Israeli Women Fight Bus Segregation

    Some 250 women march on Tel Aviv's Rothschild Boulevard on December 28, 2011 in demonstration against the exclusion of women in the public sphere. The women chanted "This isn't Iran" and "We won't stop singing," and held signs reading, "Exclusion of women = humiliation of women" , ''We are not in Iran'', '' Women sitting in the front of a bus''.  AFP PHOTO/JACK GUEZ (Photo credit should read JACK GUEZ/AFP/Getty Images)

    Jack Guez, AFP / Getty Images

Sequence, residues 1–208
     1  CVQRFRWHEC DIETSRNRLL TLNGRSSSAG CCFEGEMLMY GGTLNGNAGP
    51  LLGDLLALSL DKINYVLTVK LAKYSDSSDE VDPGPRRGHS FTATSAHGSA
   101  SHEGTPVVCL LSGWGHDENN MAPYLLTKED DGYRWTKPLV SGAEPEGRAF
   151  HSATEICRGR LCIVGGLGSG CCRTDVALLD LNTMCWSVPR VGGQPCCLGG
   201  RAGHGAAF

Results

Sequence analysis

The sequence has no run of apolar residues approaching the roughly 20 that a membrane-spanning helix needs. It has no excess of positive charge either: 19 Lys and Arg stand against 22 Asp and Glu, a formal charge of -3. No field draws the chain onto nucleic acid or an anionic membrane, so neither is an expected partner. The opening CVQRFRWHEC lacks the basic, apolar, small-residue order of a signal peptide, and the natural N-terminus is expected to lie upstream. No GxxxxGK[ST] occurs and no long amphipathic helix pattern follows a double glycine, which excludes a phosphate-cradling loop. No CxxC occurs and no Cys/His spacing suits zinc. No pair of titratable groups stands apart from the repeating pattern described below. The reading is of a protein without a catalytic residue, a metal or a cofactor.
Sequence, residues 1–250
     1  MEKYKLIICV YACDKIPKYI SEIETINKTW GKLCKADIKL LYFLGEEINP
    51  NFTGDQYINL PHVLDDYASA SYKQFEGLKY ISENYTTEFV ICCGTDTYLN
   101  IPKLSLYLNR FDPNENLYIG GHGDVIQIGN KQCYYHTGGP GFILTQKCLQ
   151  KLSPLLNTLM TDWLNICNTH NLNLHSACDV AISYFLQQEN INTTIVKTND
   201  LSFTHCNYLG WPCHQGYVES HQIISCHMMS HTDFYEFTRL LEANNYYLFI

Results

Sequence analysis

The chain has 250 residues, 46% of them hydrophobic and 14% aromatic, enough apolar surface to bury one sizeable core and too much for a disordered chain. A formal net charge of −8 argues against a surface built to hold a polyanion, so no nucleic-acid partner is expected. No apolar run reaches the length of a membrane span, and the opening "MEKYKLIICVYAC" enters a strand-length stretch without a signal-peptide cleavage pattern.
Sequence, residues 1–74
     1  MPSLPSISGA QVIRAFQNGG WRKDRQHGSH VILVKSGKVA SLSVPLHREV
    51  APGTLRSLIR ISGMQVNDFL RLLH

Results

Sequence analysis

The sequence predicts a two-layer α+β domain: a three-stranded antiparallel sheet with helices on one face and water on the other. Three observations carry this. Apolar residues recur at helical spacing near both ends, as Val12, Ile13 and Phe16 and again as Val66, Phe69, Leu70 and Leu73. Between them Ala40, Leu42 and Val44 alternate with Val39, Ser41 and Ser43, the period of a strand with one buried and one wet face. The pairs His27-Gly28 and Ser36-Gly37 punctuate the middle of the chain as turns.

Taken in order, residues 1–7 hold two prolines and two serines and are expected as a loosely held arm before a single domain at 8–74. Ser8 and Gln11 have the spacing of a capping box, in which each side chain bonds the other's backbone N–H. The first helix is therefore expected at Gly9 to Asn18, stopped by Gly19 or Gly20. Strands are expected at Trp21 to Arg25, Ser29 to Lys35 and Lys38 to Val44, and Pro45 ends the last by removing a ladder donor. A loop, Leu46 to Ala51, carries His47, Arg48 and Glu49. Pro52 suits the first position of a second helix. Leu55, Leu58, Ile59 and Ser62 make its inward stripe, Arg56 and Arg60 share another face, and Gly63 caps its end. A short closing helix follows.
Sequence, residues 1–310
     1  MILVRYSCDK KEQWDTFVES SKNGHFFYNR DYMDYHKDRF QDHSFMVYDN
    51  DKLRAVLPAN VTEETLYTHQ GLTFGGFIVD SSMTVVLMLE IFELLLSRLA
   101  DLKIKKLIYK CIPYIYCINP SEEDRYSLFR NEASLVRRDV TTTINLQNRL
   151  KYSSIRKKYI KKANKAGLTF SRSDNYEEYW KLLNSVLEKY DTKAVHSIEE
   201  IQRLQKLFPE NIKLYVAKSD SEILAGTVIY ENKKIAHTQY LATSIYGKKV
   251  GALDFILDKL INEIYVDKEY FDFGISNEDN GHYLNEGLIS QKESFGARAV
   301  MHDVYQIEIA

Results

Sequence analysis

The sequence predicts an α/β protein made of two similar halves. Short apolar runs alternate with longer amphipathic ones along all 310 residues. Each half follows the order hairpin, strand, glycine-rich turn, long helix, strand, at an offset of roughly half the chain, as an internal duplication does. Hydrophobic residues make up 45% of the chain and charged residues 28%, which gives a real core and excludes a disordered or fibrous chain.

The confrontation between Orthodox Jews in Israel and more secular citizens is taking on shades of the American civil-rights movement. Women are making a point of sitting at the front of buses in protest of pressure by Orthodox Jews to segregate public transportation. A court ruled a year ago that forced segregation on buses was illegal, but that such an arrangement could be operated for a year on a voluntary basis. However, tensions have increased as Orthodox Jews have outgrown their traditionally insular communities and the number of segregated bus lines has grown. The issue has become a flashpoint in Israel, with repeated protests and counterprotests over segregation, and clashes in Jerusalem last week.

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